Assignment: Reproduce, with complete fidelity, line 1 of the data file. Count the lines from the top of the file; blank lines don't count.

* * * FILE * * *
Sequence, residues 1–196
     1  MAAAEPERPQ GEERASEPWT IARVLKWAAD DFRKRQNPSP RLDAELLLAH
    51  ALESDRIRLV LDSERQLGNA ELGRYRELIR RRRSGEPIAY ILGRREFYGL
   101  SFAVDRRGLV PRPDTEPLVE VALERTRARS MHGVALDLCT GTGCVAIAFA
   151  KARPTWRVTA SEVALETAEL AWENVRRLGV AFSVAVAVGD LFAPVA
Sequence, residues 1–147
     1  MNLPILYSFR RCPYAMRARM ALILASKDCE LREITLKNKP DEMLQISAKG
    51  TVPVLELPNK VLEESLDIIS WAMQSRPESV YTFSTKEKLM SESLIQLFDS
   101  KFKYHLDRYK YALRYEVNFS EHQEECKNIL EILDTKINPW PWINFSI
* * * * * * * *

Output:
Sequence, residues 1–196